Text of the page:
Editor’s Note: Melissa is the Vice President of Development at Kilns College.
By Guest Blogger: Melissa McCreery
I came across this video while researching an entirely different topic for a different assignment. The New York Times video—coupled with an email I received from a prominent higher education journal inviting me to attend a seminar on Student Loan Default Aversion: Forum on Research and Best Practices—caused be to stop and think about how the high cost of earning a college degree may cause financial hardship rather than socioeconomic advantages for future generations. According to the department of education, in the U.S. today there is more than $1 trillion in outstanding student loan debt.
Click here to view the NY Times video and article: College Costs Weighing Down a Generation with Student Debt.
The video also addresses the larger question of why we attend college. Is it to land a job with a big paycheck and signing bonus? Or, to further our knowledge and learn for the pure joy of learning? If you fall into the former category, I highly recommend you watch this video.
To be clear, my intent in posting this is not to condemn colleges that charge high tuition rates. Many institutions increase tuition as a last resort, when faced with decreased state and federal funding and dried up donor pools. No, at the end of the day it’s not entirely the school’s fault.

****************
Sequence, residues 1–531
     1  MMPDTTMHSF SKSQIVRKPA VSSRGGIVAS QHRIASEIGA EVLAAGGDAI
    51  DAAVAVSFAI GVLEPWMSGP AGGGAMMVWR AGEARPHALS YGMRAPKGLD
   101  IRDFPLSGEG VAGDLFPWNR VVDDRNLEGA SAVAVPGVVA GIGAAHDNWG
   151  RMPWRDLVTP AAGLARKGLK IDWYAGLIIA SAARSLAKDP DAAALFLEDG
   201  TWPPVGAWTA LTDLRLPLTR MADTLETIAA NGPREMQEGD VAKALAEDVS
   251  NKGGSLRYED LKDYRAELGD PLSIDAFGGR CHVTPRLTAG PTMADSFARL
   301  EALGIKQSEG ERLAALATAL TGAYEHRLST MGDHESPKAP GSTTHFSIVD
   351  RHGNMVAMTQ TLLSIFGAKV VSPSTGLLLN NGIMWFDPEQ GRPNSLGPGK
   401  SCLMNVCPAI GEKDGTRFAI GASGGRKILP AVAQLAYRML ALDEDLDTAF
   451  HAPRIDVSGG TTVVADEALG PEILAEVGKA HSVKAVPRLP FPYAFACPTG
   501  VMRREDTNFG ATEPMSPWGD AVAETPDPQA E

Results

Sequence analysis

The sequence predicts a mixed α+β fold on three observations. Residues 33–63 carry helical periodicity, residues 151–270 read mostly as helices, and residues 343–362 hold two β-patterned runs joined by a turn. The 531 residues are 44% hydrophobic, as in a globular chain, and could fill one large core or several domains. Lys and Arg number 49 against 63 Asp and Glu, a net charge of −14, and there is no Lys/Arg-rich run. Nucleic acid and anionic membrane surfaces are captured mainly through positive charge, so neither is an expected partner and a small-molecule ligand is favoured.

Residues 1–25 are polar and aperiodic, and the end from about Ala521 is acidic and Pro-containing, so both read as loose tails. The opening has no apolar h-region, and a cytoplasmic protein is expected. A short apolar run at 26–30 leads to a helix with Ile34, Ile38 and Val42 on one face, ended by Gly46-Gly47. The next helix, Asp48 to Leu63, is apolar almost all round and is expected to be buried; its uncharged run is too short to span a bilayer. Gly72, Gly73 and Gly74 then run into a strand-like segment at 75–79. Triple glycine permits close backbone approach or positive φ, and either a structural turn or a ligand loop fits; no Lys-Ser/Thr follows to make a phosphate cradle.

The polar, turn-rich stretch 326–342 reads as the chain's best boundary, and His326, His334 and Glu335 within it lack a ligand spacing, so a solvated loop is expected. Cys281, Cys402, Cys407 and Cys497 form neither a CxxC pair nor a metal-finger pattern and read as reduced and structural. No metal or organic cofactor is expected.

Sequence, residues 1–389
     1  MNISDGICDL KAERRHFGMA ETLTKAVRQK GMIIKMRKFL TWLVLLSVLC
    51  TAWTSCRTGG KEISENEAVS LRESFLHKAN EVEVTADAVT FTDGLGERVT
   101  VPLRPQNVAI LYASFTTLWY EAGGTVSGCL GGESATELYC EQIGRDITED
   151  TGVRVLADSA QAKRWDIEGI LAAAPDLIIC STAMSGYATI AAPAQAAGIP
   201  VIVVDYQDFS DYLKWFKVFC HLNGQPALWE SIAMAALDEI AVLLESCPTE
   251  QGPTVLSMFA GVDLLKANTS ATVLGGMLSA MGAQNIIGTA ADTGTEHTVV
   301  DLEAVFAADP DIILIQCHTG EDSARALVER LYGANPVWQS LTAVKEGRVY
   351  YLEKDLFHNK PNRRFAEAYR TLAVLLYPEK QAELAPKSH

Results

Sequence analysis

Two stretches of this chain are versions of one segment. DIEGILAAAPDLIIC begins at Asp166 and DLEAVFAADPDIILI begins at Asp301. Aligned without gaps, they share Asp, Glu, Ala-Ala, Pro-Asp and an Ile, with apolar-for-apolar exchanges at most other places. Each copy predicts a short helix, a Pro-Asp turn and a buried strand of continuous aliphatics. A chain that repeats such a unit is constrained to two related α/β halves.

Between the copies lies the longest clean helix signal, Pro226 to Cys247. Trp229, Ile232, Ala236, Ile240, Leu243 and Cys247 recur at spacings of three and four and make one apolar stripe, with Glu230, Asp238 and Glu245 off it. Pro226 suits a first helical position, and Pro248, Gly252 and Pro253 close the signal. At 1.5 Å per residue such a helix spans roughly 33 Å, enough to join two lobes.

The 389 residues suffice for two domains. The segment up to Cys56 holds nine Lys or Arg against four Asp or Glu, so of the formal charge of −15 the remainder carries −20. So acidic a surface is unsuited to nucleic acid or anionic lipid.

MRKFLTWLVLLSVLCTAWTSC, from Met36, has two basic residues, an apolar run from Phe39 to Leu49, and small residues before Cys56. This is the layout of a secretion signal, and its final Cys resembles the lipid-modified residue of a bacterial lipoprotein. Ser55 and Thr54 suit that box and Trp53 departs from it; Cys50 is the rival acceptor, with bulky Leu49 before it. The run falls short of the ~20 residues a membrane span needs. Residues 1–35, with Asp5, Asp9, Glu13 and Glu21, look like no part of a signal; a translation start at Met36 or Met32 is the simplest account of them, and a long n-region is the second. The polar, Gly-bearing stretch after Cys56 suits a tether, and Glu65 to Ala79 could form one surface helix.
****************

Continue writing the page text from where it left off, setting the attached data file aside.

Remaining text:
My purpose in addressing this issue is merely to begin a dialogue about it. Since my own graduation (in practicing full disclosure, I myself attended a school which would fall into the “high tuition” category), I’ve wondered what exactly my tuition paid for, and would I have been able to receive the same education elsewhere? My Alma Mater would argue I paid for my education and my collegiate experience (football games, world renowned guest lecturers, state-of-the-art technology, etc).
Would I have received the same experience and quality education at another, more affordable school? I honestly don’t know. What I do know is it’s a question incoming college students and their families should at least be asking.
Melissa grew up in Southern California and attended the University of Southern California where she earned her bachelor’s degree in Broadcast Journalism and Political Science. After working as a First Year Advisor at USC, Melissa moved to Boston to pursue graduate studies. She earned her Ed.M in Higher Education from Harvard University and moved to Bend, Oregon following graduation. Prior to working at Kilns College, Melissa worked at several college and higher education organizations such as USC, the New England Board of Higher Education, Emerson College, and Central Oregon Community College